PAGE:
Friday, February 12, 2010

 

Ask the Administrator: No Exit?

An off-the-beaten-path correspondent writes:

I graduated from Public University back in 2008 and since then I have been a yellowpages salesman and then moved onto a scam sales company which I had presumed was a legitimate business model when starting. My question to you: I love sales but I want a more secure position and I applied for a position with a local community college as an educational planner and retention specialist. This position offers a fairly low base salary but I could see myself staying there for a long while. At the community college level is there a lot of chance for promotion? I would love to take this position but I don't want to put myself in another dead end job situation.


I won't go into the path that took you here, since it is what it is. But the question raises a wonderful point about career paths.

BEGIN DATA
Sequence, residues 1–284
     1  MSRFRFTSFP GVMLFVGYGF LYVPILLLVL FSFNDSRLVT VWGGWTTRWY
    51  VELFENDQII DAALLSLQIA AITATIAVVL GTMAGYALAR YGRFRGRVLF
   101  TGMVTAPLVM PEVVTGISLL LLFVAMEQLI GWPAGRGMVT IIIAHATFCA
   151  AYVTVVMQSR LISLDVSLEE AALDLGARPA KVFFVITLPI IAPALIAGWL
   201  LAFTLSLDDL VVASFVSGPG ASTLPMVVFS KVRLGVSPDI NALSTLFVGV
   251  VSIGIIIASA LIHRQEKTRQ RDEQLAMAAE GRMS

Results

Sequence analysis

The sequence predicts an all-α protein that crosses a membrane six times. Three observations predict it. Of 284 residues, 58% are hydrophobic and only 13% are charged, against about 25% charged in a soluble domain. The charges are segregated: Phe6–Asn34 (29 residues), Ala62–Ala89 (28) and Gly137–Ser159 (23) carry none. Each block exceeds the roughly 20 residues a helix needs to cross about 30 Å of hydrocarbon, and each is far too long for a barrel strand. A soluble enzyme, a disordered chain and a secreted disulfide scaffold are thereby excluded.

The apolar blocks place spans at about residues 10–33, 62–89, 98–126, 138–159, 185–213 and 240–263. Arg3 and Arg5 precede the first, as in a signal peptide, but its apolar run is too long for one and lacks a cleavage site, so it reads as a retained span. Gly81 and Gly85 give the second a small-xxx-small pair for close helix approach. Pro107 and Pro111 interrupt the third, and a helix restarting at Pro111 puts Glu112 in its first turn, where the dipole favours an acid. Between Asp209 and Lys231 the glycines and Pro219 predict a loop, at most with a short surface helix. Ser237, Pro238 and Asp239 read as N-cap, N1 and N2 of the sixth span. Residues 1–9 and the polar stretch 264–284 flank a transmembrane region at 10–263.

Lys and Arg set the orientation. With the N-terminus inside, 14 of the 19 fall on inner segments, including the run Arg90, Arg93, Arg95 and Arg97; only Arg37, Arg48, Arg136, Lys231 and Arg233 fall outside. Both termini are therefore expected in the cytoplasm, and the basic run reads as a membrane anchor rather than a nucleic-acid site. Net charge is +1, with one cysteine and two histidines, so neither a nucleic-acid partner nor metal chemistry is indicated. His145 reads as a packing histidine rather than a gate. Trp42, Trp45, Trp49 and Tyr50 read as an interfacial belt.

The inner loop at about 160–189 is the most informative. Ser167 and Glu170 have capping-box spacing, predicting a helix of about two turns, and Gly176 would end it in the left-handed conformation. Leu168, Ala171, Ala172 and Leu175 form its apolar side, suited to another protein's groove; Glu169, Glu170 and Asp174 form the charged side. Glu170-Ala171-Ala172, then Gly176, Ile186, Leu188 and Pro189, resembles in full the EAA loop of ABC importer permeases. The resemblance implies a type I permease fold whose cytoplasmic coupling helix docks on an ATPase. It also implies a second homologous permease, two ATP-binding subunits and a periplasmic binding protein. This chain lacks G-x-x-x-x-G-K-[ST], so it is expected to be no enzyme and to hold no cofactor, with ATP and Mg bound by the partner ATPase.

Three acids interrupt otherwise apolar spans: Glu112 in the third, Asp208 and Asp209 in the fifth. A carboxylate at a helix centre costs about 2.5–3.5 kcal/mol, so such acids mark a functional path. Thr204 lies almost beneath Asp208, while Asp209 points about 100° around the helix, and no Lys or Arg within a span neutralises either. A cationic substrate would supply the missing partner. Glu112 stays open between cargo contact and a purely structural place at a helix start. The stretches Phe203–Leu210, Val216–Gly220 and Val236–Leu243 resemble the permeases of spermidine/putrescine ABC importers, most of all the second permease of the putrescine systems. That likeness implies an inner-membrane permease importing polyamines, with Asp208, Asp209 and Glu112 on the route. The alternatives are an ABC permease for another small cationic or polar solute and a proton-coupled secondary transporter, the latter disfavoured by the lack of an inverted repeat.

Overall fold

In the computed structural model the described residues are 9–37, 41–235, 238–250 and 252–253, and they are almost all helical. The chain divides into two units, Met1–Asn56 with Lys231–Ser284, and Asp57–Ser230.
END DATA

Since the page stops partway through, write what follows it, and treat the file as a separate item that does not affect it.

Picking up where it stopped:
Many staff positions at community (and other) colleges don't lend themselves to obvious career ladders. That's not to say people can't move up; it's just to say that the paths often aren't immediately apparent. Educational planners, academic advisors, and other support staff in student service areas often hit the ceiling of their role very early on. When that happens, there's a choice to be made. (The same is true of faculty, in many ways. Once they hit "full professor" status, the only place left to go is administration, which is a fundamentally different job.)

As you correctly point out, some trades are clearer than others. Depending on the local situation, it wouldn't be unusual to see a de facto trade of higher job security for lower pay. If you don't care about the money, for whatever reason, then that's fine. But if money is an issue, a low ceiling can be a real demotivator.